to not affect future travels...
As an avid traveller who's goal is to eventually cover the whole world, I would like to know which passport stamps I should think twice about before getting. There are some cases in which certain stamps will cause you to be denied entry into a certain country, e.g. North Korean stamp with the US, and Israeli stamp for most Arab countries.
Furthermore, if I do want to visit some of these countries on other countries' blacklists, is there any way to bypass the rule?
I want to explore every continent, and most countries on them, some of which I might visit more than once (such as the US and the UK). Which stamps should I avoid in order to ensure I get to visit all the countries I want to visit? Israel is a place I want to visit too, eventually.
What's with all these countries and hating eachother anyway? Wait.. don't answer that one.
Thanks guys if you can help.
is there any way to bypass the rule?
> In some of those situations you can get your entry visa stamped on a piece of paper so that you're not prevented from enterin particular countries. I can't remember which they are, but I'm sure someone who has made use of that option will be able to provide the correct info.
Hi, not sure if its a documented country but in 2005 (so closer to Sept 11) I was living in the US but had just been on a holiday to the UK...so i was returning to the US via Glasgow airport when i was stopped at the ticket counter for Amercian airlines due to the number of Malaysian and Indonesian stamps in my passport. I am Australian and bali is closer to perth than melbourne or sydney so we do tend to go to south east asia as our quick holidays....probably 5 stamps for Indo and 6 or 7 for Malaysia.
I was taken into a room and questioned for 2 hours for all sorts of information and additional details before they let me go and travel back to the US.
so not the expected black list but still a pain! but... i did get let back in! 😊
Cuba will not stamp your passport, just one more example.
Most of the time, like Israel, what many people do is simply get a new passport, or some people have two passport, even if they have only one citizenship.
In response to: Msg #148593
How does that work PA? I'm sure with either of mine, a second one wouldn't be issued without the first one being cancelled.
Thanks for the replies guys.
One more concern. Even when you get a new passport, I heard that all your trip information is carried over and stored on the passport chip. So wouldn't they know I've been to Israel as soon as they scan my passport, even without the stamps in it?
No idea for the chip, I would have some doubt these info are kept on it, as it would mean that another country has the capacity to change your own info...that wouldn't work in the developped world countries with privacy laws.
Having a second passport is something that does exist. But it is not really widespread or even advertised. You are eligible for those if you can prove for example that you could spend time between let say between Israel and Saudi Arabia. Than it becomes a necessity for you to have 2 passports if you need to go frequently to both countires.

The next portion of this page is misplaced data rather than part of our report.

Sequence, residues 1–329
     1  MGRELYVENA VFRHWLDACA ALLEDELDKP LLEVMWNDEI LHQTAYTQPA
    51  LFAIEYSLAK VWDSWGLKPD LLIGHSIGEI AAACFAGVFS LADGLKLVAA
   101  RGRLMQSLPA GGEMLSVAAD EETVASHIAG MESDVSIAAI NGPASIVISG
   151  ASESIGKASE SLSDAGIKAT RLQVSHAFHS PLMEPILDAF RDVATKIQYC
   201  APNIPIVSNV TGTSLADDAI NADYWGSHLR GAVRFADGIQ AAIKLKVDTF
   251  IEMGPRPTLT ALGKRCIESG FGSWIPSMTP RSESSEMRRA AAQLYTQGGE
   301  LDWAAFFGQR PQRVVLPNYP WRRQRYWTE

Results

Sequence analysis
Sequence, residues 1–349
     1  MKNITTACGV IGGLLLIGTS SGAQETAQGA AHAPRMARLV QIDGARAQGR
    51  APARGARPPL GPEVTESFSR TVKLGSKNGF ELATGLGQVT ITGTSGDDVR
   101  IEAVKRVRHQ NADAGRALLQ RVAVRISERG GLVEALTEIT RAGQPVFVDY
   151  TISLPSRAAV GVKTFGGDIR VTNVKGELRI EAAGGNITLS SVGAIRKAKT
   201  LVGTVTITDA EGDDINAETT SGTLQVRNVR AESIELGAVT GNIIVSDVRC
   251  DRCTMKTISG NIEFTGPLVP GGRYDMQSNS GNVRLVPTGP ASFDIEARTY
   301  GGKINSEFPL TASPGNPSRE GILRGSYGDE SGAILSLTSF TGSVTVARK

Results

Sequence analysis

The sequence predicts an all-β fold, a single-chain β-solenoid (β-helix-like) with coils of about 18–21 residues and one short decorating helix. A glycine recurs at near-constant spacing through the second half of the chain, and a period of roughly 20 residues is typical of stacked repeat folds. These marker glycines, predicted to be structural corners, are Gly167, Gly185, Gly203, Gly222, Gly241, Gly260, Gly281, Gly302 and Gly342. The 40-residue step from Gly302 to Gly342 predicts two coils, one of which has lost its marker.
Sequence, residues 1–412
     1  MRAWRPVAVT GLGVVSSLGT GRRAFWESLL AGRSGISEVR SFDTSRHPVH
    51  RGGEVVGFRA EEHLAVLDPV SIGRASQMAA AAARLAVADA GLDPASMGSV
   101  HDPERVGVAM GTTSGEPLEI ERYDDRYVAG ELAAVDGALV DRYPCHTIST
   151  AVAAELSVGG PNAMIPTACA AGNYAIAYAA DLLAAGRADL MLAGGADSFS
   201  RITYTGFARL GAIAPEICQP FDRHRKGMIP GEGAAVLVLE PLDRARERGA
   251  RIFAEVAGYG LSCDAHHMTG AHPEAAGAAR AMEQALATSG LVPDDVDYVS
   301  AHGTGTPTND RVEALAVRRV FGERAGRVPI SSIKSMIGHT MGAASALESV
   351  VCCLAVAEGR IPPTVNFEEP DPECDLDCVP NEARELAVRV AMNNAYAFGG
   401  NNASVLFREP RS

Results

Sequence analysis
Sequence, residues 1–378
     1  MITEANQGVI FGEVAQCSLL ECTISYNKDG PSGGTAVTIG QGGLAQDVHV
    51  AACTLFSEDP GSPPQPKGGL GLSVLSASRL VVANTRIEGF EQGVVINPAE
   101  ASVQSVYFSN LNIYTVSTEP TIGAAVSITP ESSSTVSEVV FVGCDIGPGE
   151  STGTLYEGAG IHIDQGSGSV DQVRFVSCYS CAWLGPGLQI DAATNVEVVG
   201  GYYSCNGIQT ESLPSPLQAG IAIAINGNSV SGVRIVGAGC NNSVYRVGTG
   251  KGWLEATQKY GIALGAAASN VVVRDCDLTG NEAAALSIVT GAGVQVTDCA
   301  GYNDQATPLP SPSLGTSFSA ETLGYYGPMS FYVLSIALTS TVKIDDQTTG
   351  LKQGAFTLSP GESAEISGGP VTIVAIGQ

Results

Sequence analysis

Second case, if you do have a serious number of visas in your passport (that's my case). Each visa could take between 24 hours to few weeks to get issued. During that time, your passport is at the foreign embassy, limiting your ability to travel. A second passport is than you way around this which continue to allow you to travel around. You just have to plan properly each time. As you have to arrive and leave a country on the same passport....so I need to make sure if I need to apply for a visa and travel, that I give the passport on which I haven't enter the country to the embassy where I apply for the passport.
For info, if you do have a second passport, your foreign office will have to do a proper check on your life to make sure you use this properly.
If I had to choose between 'Arab' countries and Israel then Israel would win hands down every time, for obvious reasons.
I totally agree with what Peter wrote above. Privacy laws would ensure that your personal information would only be available to the authorities in your own country. Assuming that you are a Greek national, then this information may well be available to other E.U countries, but that is about as far as it would go.
I lived in Israel for almost 2 years and have subsequently visited the U.A.E, Bahrain and Qatar without any problems at all, albeit on a new passport.
As mentioned above, most immigration officials of countries that flirt with controversy will usually stamp a separate piece of paper if this is what you so desire.
You don't have to worry about N. Korea either, you don't get a stamp in your passport, you have to take a tour, and you get a group visa which is on a piece of paper, whatever stamps they use, they are put on that piece of paper. Nobody will ever know you have been there, except the N. Koreans and the travel agency you booked your tour with.